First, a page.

Sites of proteolytic processing and noncovalent association of the distal C-terminal domain of CaV 1.1 channels in skeletal muscle

Joanne T. Hulme, Keiichi Konoki, Teddy W.C. Lin, Marina A. Gritsenko, David G. Camp, Diana J. Bigelow, William A. Catterall

Research output: Contribution to journalArticle

79 Citations (Scopus)

Abstract

In skeletal muscle cells, voltage-dependent potentiation of Ca2+ channel activity requires phosphorylation by cAMP-dependent protein kinase (PKA) anchored via an A-kinase anchoring protein (AKAP15), and the most rapid sites of phosphorylation are located in the C-terminal domain. Surprisingly, the site of interaction of the complex of PKA and AKAP15 with the α1-subunit of CaV1.1 channels lies in the distal C terminus, which is cleaved from the remainder of the channel by in vivo proteolytic processing. Here we report that the distal C terminus is noncovalently associated with the remainder of the channel via an interaction with a site in the proximal C-terminal domain when expressed as a separate protein in mammalian nonmuscle cells. Deletion mapping of the C terminus of the α1-subunit using the yeast two-hybrid assay revealed that a distal C-terminal peptide containing amino acids 1802-1841 specifically interacts with a region in the proximal C terminus containing amino acid residues 1556-1612. Analysis of the purified α1-subunit of CaV1-1 channels from skeletal muscle by saturation sequencing of the intracellular peptides by tandem mass spectrometry identified the site of proteolytic processing as alanine 1664. Our results support the conclusion that a noncovalently associated complex of the α1-subunit truncated at A1664 with the proteolytically cleaved distal C-terminal domain, AKAP15, and PKA is the primary physiological form of CaV1-1 channels in skeletal muscle cells.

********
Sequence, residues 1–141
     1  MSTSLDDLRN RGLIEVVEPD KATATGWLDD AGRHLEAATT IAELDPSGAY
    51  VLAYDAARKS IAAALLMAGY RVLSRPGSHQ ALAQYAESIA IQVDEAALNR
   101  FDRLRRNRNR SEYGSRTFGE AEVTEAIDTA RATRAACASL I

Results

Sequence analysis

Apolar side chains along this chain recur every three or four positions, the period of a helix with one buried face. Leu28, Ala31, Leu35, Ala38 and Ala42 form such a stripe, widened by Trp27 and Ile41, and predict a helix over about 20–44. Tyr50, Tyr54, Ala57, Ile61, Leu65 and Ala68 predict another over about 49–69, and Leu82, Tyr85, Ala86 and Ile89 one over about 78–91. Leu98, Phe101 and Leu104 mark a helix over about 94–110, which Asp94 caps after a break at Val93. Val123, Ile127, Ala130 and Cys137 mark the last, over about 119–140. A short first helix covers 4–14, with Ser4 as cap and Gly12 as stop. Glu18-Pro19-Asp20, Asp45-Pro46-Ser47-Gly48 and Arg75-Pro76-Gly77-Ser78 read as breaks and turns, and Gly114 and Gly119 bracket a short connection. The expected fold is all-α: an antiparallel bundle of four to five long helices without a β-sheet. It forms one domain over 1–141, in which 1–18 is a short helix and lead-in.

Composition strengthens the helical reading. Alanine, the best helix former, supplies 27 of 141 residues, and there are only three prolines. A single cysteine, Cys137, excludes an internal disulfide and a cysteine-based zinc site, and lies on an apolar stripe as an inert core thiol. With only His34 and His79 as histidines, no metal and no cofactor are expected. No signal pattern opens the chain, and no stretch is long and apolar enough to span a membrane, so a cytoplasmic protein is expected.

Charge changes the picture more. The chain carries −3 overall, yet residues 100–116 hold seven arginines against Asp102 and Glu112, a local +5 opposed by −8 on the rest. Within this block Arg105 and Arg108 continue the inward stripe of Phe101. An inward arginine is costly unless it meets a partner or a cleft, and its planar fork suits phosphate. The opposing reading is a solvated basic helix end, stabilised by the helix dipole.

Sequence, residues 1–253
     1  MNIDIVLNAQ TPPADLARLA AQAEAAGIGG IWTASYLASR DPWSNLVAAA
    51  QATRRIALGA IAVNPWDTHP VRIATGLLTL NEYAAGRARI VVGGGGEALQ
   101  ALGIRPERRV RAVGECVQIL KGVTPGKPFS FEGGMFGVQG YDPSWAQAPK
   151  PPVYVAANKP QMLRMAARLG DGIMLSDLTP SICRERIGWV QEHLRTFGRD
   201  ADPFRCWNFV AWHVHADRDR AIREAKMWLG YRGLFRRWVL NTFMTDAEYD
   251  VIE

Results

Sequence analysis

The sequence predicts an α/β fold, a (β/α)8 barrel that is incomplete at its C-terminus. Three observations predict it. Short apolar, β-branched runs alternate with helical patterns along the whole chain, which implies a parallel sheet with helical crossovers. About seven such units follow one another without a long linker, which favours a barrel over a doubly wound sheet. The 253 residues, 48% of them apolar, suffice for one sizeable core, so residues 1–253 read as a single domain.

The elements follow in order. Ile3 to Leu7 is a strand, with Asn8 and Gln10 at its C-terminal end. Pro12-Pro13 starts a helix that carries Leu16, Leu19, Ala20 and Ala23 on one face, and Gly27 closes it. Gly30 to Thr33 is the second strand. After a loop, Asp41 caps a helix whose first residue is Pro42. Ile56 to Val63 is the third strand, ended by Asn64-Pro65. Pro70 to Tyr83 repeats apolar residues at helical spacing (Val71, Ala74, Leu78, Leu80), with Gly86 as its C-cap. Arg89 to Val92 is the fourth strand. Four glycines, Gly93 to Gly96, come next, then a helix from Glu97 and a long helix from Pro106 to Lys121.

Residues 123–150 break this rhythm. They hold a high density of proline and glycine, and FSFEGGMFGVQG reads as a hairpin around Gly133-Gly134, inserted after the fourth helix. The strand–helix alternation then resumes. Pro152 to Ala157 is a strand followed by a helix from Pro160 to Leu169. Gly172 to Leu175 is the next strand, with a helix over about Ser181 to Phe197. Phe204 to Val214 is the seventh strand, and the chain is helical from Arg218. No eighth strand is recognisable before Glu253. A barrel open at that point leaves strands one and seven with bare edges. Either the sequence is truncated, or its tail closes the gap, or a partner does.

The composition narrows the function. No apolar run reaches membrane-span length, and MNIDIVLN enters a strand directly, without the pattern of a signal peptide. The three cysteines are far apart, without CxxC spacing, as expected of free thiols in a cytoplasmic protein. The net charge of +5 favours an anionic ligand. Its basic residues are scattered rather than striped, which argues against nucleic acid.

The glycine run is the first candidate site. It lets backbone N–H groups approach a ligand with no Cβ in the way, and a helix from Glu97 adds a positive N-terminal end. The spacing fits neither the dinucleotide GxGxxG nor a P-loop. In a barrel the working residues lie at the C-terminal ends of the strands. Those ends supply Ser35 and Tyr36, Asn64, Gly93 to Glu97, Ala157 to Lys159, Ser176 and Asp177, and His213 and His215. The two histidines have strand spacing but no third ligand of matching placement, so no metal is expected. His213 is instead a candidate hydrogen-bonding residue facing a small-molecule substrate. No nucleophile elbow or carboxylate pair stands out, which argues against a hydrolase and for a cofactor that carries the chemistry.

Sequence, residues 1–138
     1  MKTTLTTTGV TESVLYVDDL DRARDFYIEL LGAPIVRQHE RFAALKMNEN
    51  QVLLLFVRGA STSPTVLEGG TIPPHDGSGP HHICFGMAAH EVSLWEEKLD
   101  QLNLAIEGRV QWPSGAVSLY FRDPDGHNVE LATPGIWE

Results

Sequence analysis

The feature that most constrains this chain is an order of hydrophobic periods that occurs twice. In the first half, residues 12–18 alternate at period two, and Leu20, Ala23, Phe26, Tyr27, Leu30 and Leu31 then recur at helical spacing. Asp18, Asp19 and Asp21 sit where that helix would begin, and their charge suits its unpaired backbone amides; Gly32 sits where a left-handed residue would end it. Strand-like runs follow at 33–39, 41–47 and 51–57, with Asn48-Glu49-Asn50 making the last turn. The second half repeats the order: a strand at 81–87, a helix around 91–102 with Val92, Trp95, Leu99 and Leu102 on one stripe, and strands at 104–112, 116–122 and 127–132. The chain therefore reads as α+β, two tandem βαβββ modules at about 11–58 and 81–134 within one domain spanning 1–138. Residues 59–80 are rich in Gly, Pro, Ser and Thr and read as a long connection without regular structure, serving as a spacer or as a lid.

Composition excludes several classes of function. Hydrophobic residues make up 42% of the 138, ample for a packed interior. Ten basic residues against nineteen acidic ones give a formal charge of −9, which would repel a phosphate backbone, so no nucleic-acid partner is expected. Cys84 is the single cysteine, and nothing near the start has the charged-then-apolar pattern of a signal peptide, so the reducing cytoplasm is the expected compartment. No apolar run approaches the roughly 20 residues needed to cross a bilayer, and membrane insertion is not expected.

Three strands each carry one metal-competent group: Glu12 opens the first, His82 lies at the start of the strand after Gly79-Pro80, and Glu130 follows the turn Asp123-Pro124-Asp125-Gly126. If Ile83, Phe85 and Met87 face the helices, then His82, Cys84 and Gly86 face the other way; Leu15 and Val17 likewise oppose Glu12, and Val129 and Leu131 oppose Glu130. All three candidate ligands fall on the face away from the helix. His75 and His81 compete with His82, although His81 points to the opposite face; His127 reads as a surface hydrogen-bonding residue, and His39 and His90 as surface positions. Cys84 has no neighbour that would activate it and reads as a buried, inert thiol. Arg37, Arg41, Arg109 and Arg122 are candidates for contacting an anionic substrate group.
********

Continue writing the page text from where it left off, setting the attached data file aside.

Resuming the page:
Original languageEnglish
Pages (from-to)5274-5279
Number of pages6
JournalProceedings of the National Academy of Sciences of the United States of America
Volume102
Issue number14
DOIs
Publication statusPublished - 2005 Apr 5
Externally publishedYes

Keywords

  • Calcium channels
  • Contraction coupling
  • Excitation
  • Protein kinase
  • Proteolysis

ASJC Scopus subject areas

  • General

Fingerprint Dive into the research topics of 'Sites of proteolytic processing and noncovalent association of the distal C-terminal domain of Ca<sub>V</sub> 1.1 channels in skeletal muscle'. Together they form a unique fingerprint.

  • Cite this